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This article was Originally Published on Jul 01, 2002 in Volume: 1  Issue: 3

Materiel Provider

Interview with General Lester L. Lyles

Commander, U.S. Air Force Materiel Control

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General Lester L. Lyles is commander, U.S. Air Force Materiel Command, Wright-Patterson Air Force Base, OH. The command conducts research, development, test and evaluation, and provides acquisition management services and logistics support necessary to keep Air Force weapons systems ready for war.

 The general entered the Air Force in 1968 as a distinguished graduate of the Air Force Reserve Officers Training Corps (ROTC) program at Howard University. He has served in various assignments, including Program Element Monitor of the short-range attack missile at Headquarters U.S. Air Force in 1974, and as special assistant and aide-de-camp to the commander of Air Force Systems Command (AFSC) in 1978. In 1981 he was assigned to Wright-Patterson Air Force Base, as avionics division chief in the F-16 Systems Program Office. He has served as director of Tactical Aircraft Systems at AFSC headquarters and as director of the Medium-Launch Vehicles Program and Space-Launch Systems offices.

The general became AFSC headquartersâ?? Assistant Deputy Chief of Staff for Requirements in 1989, and Deputy Chief of Staff for Requirements in 1990. In 1992 he became vice commander of Ogden Air Logistics Center, Hill Air Force Base, UT. He served as commander of the center from 1993 until 1994, and then was assigned to command the Space and Missile Systems Center at Los Angeles Air Force Base, CA, until 1996. The general became the director of the Ballistic Missile Defense Organization in 1996. In May 1999, he was assigned as vice chief of staff at Headquarters U.S. Air Force. He assumed his current position in April 2000.

Lyles was interviewed by Senior Editor Dan Cook.

Q: The world changed on Sept. 11, 2001, and with it the mission of the U.S. armed services. Could you briefly state the mission of the Air Force Materiel Command and what has changed since the terrorist bombings?

A: Our command is the support command for all of the U.S. Air Force. Weâ??re responsible for developing new science and technology. Weâ??re responsible for acquiring and developing new systems and for sustaining all of our weapons systems. Itâ??s a cradle-to-grave responsibility, from technology to development to sustaining every major system we have in the Air Force inventory.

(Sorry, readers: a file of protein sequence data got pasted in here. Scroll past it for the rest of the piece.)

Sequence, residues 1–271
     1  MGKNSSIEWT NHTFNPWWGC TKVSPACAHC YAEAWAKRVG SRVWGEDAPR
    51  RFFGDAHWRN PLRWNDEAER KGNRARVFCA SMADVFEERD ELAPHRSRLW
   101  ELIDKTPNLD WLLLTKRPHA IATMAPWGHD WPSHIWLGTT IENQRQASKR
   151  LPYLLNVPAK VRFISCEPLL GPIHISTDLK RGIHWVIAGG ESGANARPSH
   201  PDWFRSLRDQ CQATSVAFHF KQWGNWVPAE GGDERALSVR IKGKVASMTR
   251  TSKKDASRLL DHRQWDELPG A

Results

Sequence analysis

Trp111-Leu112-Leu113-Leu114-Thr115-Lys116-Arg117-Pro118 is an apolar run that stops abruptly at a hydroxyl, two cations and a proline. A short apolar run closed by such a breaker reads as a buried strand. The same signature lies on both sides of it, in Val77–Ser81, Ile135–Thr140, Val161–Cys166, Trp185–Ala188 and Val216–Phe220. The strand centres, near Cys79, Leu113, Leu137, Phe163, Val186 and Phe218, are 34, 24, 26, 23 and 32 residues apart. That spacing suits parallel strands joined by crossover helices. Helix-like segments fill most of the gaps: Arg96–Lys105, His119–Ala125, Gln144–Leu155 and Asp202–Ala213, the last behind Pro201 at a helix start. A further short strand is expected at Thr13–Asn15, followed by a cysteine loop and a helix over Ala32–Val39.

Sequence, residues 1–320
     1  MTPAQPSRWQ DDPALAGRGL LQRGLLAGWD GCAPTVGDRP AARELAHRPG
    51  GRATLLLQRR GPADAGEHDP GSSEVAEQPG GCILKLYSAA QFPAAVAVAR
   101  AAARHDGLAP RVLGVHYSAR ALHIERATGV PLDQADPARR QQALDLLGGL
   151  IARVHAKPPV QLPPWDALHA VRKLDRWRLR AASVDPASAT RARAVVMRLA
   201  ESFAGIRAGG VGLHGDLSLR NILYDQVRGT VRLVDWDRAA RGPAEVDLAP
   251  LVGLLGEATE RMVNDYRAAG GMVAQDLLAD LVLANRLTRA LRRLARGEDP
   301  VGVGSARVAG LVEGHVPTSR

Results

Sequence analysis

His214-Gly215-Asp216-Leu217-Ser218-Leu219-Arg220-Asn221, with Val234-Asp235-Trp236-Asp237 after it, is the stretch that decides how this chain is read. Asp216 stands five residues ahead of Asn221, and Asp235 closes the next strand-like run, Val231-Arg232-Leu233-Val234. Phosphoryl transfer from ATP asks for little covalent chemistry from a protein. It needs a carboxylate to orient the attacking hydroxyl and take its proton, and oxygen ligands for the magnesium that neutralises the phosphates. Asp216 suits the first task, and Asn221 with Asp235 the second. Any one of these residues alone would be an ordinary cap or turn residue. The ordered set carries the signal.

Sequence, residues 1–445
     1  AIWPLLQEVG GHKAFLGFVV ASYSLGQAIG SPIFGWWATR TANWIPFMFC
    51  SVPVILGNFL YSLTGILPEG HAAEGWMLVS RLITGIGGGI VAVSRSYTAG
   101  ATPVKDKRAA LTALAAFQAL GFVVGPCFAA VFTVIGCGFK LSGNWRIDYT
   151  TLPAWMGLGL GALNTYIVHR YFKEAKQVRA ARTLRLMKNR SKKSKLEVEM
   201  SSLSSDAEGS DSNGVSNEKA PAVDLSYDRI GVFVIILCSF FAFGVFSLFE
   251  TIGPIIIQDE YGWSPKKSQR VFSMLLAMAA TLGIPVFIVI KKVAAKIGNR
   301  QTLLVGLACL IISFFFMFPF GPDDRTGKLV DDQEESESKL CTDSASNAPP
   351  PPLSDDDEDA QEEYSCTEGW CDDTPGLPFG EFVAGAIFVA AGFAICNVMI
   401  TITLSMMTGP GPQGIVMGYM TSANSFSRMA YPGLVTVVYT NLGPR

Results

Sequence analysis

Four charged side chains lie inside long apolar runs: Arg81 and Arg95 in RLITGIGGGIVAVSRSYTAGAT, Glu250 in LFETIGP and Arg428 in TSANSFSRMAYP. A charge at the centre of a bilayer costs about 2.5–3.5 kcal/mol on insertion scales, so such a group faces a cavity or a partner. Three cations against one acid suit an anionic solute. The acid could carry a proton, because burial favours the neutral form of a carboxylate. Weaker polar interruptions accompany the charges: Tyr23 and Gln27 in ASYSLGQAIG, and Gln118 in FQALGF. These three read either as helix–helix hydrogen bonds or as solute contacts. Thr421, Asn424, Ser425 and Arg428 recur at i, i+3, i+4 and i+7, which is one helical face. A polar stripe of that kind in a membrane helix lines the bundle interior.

That ranges from aircraft systems and aeronautical systems to command and control, intelligence, surveillance and reconnaissance systems through munition systems. We no longer have responsibility directly for space systems. On Oct. 1 of last year, that portion of our mission was turned over to Air Force Space Command in response to the congressional Space Commission. But we still have linkage with space activities because of the importance of space to all of our development in the future.

Q: And the second half of the question?

A: Iâ??m always very careful of how I answer this. To be perfectly honest with you, the mission itself has not changed. If anything has changed, itâ??s the importance and urgency with which we accomplish our mission. We have been working very aggressively to ensure that we get systems out of our depots and supply systems to support the war effort, and weâ??ve been working very aggressively to ensure that our technologies donâ??t just reside in our laboratories and our benches, but we get those technologies and capabilities into the hands of the warfighter a lot quicker than perhaps we would have done normally. The biggest change has been the urgency of some of our processes and the way we do business.

Q: What challenges have you experienced in the past in accomplishing this mission and how were they resolved? What new challenges remain and how will they be resolved?